Big Sasha keeps everything running smoothly, he is always busy! He collects and empties all the rubbish from the Happy Homes, supervises all the boys and helps the caregivers out with everything from laundry to dishes to vacuuming. He is very happy doing all of this and also likes doing arts and crafts.

Then there is little Sasha. He is the size of a toddler at 20 years old. I bought some socks for the kids with me and he fits the ones for 18 month - 3 year olds. If I could of brought this little guy home with me I would of. I had a soft spot for him before I visited but now I’m in love! He loves music, walks and really enjoyed listening to my iPod!

The boys have made some really beautiful things and their artwork is displayed throughout their home. Their caregivers and teachers know them well and have a good sense of humor!

One of the highlights was taking Katya and Larissa over to the boys Happy Home after dinner for dance parties!!

The caregivers and teachers were very good to us, even though we didn’t speak the same language and they couldn’t understand our accents. It was also great to see the kids getting massage therapy! After spending three weeks at Kalinovka I could see what a great idea the Happy Homes are and how the kids thrive from living in them. And after visiting the boys and the girls institutions in Zaporozhia I was convinced of this.

The boys institution is home to over 130 boys and young men 4 - 35 years old. In one of the groups in the institution for boys there are 20 young boys, all with different needs and abilities, boys that are constantly trying to hurt themselves and occasionally others, covered in scars and fresh wounds, hands tied behind their backs or to beds / wheelchairs, some mobile, some completely immobile, none can communicate verbally, very few appear to be continent and there are only two caregivers.

All these boys need individual attention and they just can’t get it. There were educational toys sitting unused as no one was told that batteries were needed for them. Once batteries were put in the toys were played with non-stop, the boys loved them!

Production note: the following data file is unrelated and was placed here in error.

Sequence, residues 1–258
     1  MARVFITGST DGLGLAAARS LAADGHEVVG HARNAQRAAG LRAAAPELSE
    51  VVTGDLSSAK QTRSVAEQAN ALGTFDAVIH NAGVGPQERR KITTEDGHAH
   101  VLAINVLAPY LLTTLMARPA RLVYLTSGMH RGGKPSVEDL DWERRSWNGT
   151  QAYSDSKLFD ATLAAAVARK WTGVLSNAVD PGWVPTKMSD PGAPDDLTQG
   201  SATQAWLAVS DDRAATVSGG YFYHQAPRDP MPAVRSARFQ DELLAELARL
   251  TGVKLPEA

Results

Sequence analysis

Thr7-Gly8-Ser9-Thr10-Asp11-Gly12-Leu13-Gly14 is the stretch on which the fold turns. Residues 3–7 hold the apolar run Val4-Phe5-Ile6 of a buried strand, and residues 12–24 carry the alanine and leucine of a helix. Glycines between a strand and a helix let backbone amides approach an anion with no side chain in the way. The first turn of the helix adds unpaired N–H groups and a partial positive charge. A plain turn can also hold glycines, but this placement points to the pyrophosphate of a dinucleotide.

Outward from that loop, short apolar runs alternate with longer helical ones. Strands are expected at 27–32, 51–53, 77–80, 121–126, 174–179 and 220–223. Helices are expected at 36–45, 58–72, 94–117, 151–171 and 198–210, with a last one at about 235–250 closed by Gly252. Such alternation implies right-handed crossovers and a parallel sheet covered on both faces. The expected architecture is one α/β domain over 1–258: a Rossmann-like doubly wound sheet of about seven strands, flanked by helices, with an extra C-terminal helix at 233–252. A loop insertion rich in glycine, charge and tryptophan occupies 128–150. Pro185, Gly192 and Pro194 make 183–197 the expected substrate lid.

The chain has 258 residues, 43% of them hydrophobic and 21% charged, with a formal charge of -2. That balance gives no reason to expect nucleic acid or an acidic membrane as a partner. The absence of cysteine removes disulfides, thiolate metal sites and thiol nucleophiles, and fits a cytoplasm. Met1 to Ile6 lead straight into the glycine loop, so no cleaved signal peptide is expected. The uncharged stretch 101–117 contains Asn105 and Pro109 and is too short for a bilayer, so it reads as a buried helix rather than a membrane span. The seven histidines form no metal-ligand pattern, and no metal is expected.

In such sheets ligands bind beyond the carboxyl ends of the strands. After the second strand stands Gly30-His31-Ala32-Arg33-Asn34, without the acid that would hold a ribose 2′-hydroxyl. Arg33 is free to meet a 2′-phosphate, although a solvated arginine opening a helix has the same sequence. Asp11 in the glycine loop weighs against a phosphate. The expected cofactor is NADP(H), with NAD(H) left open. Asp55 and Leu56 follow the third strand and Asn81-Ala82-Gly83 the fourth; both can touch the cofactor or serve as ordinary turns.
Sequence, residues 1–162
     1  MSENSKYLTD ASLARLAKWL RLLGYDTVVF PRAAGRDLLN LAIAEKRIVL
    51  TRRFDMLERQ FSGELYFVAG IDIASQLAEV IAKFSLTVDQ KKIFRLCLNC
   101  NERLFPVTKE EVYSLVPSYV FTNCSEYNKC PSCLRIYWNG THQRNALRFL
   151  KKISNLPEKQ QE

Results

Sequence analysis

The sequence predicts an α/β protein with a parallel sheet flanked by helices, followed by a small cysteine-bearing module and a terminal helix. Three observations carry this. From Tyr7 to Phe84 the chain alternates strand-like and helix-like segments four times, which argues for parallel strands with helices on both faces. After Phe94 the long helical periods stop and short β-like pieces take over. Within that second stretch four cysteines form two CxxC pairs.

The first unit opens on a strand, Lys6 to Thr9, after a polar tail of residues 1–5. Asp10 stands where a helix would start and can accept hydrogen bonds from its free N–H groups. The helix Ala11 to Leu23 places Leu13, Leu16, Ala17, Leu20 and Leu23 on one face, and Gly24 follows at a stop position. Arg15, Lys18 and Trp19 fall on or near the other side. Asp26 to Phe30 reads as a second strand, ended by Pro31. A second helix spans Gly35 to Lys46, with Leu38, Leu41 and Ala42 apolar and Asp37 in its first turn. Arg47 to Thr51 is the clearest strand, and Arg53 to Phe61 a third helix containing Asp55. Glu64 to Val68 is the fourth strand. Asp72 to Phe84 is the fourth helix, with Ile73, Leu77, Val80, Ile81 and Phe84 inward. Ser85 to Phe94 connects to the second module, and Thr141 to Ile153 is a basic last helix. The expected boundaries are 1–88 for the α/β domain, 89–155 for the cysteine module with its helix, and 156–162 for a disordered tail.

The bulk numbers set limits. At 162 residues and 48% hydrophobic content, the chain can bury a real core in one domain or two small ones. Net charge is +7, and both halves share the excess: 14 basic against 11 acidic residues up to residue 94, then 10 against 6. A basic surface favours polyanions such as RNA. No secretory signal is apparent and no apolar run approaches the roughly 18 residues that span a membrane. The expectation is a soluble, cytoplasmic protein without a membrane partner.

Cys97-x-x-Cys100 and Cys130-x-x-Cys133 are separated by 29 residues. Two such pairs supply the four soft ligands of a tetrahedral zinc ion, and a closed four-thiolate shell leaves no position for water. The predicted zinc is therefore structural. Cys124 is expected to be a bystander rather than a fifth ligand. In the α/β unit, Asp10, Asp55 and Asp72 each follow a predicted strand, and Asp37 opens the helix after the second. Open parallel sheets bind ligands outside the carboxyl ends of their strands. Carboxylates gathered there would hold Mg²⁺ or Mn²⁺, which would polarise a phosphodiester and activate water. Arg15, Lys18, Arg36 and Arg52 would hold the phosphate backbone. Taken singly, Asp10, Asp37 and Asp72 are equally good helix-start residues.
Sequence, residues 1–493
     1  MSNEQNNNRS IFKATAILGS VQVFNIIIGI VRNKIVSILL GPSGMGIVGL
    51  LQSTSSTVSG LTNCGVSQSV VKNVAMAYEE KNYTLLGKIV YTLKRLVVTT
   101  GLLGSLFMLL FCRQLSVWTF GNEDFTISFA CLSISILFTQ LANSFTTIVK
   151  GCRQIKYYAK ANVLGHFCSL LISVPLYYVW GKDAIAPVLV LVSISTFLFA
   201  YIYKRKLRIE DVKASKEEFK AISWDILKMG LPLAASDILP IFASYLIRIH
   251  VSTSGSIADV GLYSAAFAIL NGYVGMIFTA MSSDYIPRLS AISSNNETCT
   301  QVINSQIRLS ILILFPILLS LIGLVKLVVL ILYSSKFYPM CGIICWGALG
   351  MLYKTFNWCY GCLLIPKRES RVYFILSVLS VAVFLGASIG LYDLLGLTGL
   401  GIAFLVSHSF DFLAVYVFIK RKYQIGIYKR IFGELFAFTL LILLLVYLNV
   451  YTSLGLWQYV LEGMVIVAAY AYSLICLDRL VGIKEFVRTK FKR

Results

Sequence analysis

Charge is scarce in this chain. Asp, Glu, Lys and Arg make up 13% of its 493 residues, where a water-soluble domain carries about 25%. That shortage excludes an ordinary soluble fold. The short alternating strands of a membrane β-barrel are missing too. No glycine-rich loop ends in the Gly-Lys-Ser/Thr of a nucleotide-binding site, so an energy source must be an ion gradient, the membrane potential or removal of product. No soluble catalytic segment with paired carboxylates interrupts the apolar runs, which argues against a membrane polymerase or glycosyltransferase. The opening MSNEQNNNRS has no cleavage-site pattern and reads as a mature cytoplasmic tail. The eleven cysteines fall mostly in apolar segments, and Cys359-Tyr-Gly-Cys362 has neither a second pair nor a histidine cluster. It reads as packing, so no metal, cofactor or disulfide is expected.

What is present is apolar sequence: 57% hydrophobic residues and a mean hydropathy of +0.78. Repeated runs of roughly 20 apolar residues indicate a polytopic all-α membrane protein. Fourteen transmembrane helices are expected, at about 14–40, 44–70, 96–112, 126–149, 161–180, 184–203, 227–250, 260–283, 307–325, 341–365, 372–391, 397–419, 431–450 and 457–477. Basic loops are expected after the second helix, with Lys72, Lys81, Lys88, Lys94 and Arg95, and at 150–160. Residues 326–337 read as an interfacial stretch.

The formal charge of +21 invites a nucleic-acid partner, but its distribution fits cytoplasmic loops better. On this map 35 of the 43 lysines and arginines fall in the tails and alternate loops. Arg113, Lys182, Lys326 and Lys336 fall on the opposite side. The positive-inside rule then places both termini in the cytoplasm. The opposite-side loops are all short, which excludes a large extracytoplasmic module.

The boys in this group are so sweet and even though they are surrounded by others all the time, they seem so alone in the world.

One of the boys who is 16, only just recently arrived. He was dropped off by his family who could no longer cope with his needs. After 16 years… I still can’t get my head around this.

We were given permission to visit the girls institution for a few hours. This institution is home to over 400 children, women and men. After watching a concert at the put on by the institution we got to meet the bedridden children, escorted by two of the administrators. Some bedridden boys from Kalinovka were also transferred here a few months previously. The bedrooms come off a lounge and when we arrived all the doors to the rooms were all shut.

A caregiver opened the doors when we went in and then closed them again behind us. Children left in cribs all alone and in complete silence.

While the institution is clean and friendly looking this is no way to live, they deserve so much better. The staff do not believe that these kids need any stimulation or activity even though almost all of them respond to voice, touch and sound. I wish we were allowed to stay with these children longer. Some really responded to being touched and spoken to. The thought of thousands of rooms like this around Ukraine and other places in the world kills me. How can people think this is anyway for innocent children to live?!

I will never forget my time in Ukraine and hope to return again. Everyone should pray for peace there, the most innocent are already suffering and it needs to stop. Costs are rising and the Happy Child Foundation and other charities in Ukraine need your donations and help more than ever. Now that you know the plight of these children, how can you ignore it?

I would like to express my gratitude to the Happy Child Foundation for their help and everything they do for the children of Zaporozzhhye… We felt safe the whole time we were there. And of course thank you to Maya from Maya’s Hope!

Keshia Melton

Happy Child foundation - effective help to the most needy children of the Zaporizhzhia region, Ukraine, since 2004

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Kyrylo Shcherbakov
Kyrylo Shcherbakov

Brain malformations

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Oleksiy Marchuk
Oleksiy Marchuk

cerebral palsy, spastic tetraparesis

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You donated in 2024

$ 119 123

Our expenses in 2024
To 65 sick children $31 835
Medical equipment: $7 266
Humanitarian help: $29 138
To disabled children: $44 315
To children's village: $1 183
To orphans and poor children: $6 208
"Helpus" - help to adults: $17 961
Service expenses: $18 591
Total sum of expenses: $158 588